Smithsonian Freer Gallery Sackler Gallery National Museum of Asian Art Gallery Guide Art of Buddhism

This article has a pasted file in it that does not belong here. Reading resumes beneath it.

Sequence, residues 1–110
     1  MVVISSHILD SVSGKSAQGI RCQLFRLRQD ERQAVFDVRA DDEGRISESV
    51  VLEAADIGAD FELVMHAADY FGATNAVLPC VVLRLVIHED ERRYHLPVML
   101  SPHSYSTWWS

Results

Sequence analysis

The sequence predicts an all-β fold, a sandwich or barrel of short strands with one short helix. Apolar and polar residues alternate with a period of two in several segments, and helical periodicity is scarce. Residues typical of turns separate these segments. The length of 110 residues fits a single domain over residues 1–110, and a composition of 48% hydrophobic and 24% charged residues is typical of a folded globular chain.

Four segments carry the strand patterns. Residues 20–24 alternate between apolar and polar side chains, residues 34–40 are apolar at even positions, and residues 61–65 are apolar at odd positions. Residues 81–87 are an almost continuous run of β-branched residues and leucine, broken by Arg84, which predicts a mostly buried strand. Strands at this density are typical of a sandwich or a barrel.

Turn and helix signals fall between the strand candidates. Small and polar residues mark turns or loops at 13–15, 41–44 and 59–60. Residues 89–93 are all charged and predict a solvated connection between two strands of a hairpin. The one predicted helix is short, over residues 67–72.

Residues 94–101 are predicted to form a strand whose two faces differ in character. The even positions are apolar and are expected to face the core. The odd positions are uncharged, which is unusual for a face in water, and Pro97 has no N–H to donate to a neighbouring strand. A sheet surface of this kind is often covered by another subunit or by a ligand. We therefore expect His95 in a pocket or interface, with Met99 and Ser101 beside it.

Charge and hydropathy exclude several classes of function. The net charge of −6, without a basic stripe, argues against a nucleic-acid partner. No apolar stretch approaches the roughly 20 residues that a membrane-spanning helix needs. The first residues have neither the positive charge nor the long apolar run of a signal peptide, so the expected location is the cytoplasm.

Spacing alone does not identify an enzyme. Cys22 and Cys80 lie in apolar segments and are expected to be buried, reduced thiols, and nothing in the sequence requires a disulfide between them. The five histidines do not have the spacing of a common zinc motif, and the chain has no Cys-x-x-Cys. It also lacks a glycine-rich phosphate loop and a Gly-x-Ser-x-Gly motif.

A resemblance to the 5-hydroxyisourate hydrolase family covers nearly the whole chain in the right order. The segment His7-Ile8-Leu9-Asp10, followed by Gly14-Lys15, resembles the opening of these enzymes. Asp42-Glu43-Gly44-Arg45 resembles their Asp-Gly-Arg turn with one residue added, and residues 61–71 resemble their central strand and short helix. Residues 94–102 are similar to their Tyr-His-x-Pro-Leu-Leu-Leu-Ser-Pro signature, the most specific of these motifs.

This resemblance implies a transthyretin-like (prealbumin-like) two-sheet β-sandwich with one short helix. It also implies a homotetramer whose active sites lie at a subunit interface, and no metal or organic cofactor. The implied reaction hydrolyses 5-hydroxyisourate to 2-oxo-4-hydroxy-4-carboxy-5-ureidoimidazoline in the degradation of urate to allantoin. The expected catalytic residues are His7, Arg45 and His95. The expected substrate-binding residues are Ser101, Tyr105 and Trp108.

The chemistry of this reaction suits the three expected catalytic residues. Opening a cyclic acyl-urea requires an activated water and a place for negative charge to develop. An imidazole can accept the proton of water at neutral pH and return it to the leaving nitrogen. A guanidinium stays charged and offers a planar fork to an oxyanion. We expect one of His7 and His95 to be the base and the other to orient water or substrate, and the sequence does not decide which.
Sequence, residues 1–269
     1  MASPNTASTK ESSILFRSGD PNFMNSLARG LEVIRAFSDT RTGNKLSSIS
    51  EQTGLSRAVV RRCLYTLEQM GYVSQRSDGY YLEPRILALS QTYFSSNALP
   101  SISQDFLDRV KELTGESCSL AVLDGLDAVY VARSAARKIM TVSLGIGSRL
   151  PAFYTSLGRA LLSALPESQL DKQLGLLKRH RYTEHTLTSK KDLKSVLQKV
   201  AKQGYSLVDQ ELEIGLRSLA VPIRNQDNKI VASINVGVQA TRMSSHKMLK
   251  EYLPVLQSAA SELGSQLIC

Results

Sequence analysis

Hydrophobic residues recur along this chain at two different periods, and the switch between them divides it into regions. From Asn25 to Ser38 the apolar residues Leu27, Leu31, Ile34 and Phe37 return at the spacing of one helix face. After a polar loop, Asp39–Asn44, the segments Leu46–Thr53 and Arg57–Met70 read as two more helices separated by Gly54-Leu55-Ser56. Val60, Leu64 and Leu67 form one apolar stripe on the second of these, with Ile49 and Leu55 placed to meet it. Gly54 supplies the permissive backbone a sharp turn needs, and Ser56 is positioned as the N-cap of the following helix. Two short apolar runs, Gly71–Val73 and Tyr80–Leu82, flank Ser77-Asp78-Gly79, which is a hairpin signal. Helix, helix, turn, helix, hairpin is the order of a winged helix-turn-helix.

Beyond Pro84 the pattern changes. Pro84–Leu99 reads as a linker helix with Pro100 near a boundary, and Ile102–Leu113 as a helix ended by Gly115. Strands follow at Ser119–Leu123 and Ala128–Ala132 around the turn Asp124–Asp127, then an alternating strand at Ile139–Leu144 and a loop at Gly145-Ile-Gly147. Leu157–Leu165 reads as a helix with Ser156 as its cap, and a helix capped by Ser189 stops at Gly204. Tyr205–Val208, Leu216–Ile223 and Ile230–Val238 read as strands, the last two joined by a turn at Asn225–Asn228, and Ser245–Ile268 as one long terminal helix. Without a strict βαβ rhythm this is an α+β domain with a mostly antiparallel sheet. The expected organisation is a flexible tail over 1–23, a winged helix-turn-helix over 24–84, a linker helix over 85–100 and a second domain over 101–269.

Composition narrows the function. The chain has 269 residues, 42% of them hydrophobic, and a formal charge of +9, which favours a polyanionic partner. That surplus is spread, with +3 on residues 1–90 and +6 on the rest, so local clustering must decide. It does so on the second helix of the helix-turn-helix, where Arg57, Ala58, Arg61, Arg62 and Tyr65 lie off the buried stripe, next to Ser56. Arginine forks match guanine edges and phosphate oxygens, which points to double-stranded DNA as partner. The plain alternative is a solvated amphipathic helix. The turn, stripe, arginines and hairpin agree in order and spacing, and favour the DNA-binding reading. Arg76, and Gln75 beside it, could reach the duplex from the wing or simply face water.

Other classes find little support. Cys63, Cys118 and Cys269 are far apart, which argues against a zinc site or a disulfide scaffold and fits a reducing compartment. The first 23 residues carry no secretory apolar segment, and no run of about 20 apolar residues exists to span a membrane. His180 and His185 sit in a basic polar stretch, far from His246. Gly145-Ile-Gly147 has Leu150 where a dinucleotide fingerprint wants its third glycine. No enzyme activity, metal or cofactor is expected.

In the earliest Buddhist art of India, the Buddha was not represented in human form; instead, his presence was indicated by a sign or "trace," such as a footprint, an empty seat, a parasol, or a stupa. By the first century, the Buddha, who had never claimed to be anything but a human being who had found a path to truth, had been deified. The newly introduced human figure now appeared across India and dominated the artistic scene. Clad in a monastic robe, the image always displayed two signs of his superhuman perfection — the ushnisha, or cranial bump (disguised by artists as a topknot), representing his omniscience, and the urna, or curl of hair (dot) on the forehead, symbolizing his renunciation.
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